Social marketing is the use of marketing theory, skills and practices to achieve social change. It has the primary of achieving “social good.” Traditional commercial marketing aims are primarily financial, though they can have positive social affects as well. In the context of public health, social marketing would promote general health, raise awareness and induce changes in behaviour. To see social marketing as only the use of standard commercial marketing practices to achieve non-commercial goals is an oversimplified view.
Social marketing seeks to develop and integrate marketing concepts with other approaches to social change. Social marketing aims to influence behaviors that benefit individuals and communities for the greater social good. The goal is to deliver competition-sensitive and segmented social change programs that are effective, efficient, equitable and sustainable.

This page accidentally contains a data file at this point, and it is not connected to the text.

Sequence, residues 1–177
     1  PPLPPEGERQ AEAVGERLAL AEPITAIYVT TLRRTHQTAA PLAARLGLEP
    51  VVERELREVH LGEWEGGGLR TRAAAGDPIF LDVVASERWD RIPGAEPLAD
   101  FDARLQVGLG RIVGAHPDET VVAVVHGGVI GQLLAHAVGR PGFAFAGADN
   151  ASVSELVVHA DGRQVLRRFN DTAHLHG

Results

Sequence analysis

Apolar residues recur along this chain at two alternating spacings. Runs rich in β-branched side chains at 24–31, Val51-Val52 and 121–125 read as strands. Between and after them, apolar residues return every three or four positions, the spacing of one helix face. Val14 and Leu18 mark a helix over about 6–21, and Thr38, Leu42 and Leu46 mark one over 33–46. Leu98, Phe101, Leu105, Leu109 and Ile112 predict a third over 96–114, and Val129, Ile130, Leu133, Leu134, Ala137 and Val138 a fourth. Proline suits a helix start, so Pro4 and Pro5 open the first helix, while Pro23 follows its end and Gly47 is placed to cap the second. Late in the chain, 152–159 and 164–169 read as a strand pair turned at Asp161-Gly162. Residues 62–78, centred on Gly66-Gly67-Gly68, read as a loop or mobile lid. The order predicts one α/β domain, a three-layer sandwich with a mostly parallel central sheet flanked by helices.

Increasingly, social marketing is described as having “two parents.” The “social parent” uses social science and social policy approaches. The “marketing parent” uses commercial and public sector marketing approaches.Recent years have also witnessed a broader focus. Social marketing now goes beyond influencing individual behaviour. It promotes socio-cultural and structural change relevant to social issues.Consequently, social marketing scholars are beginning to advocate for a broader definition of social marketing.The new emphasis gives equal weight to the effects (efficiency and effectiveness) and the process (equity, fairness and sustainability) of social marketing programs.